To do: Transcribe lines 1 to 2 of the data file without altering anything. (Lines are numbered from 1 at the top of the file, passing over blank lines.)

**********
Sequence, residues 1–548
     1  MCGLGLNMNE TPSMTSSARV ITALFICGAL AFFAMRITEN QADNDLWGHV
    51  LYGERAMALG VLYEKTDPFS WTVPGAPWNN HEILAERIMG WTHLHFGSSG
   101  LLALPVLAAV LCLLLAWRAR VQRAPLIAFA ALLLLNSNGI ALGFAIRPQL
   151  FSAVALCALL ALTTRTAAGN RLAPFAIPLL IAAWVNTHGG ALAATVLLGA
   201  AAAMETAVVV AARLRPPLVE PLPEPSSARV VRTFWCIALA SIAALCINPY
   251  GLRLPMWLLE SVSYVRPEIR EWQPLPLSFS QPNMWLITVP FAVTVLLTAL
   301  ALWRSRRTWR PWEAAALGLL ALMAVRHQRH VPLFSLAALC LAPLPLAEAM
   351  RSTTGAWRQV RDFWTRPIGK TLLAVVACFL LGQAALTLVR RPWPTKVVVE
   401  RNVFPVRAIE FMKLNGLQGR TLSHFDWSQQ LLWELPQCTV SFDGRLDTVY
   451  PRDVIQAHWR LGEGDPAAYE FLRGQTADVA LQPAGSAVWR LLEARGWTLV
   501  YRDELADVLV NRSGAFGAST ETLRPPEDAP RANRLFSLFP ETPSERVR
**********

Sequence, residues 1–548
     1  MCGLGLNMNE TPSMTSSARV ITALFICGAL AFFAMRITEN QADNDLWGHV